29 Pages Posted: 16 Nov 1998
Date Written: September 1998
The extent of taxation and redistribution policy is generally determined as a political-economy equilibrium by a balance between those who gain from higher taxes/transfers and those who lose. In a stylized model of migration and human capital formation, we show -- somewhat against the conventional wisdom -- that low-skill immigration may lead to a lower tax burden and less redistribution than would be the case with no immigration, even though migrants (naturally) join the pro-tax/transfer coalition. Data on 11 European countries over the period 1974 to 1992 are consistent with the implications of the theory: a higher share of immigrants in the population leads to a lower tax rate on labor income, even after controlling for the generosity and size of the welfare state, demographics, and the international exposure of the economy. As predicted by the theory, it is the increased share of low education immigrants that leads to the smaller tax burden.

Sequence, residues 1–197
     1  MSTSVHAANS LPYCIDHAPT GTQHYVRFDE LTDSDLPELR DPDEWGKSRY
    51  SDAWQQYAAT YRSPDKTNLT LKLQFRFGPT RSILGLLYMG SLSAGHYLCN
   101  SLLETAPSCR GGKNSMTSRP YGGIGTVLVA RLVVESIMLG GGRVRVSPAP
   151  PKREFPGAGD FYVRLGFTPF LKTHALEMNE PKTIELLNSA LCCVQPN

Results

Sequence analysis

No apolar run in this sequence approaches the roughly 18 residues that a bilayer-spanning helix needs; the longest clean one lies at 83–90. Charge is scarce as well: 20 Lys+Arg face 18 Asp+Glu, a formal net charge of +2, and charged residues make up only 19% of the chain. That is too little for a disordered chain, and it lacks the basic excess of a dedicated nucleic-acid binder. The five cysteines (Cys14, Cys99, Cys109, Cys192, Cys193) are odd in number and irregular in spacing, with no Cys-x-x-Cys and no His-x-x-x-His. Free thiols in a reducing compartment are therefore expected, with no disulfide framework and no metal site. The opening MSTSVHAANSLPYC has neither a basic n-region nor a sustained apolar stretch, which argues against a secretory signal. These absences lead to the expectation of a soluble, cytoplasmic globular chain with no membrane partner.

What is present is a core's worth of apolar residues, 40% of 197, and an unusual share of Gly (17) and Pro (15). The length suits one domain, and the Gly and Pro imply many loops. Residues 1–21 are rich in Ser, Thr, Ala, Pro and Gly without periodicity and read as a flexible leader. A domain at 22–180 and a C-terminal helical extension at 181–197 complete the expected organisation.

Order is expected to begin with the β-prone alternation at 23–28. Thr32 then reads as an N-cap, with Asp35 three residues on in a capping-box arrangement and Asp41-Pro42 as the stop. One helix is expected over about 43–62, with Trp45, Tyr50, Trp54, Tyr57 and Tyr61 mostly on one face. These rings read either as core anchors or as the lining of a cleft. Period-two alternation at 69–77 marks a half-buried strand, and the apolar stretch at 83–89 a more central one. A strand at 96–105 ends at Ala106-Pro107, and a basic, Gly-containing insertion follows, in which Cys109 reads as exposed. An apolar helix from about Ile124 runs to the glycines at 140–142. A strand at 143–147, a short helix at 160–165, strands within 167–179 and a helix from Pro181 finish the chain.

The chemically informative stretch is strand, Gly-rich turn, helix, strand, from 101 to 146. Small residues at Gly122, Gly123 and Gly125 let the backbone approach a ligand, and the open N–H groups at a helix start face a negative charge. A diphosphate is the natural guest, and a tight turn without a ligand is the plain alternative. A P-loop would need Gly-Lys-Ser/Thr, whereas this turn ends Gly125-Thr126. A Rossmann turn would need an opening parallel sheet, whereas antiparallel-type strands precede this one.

Suggested Citation: Suggested Citation
Razin, Assaf and Sadka, Efraim and Swagel, Phillip, Tax Burden and Migration: a Political Economy Theory and Evidence (September 1998). NBER Working Paper No. w6734. Available at SSRN: https://ssrn.com/abstract=129928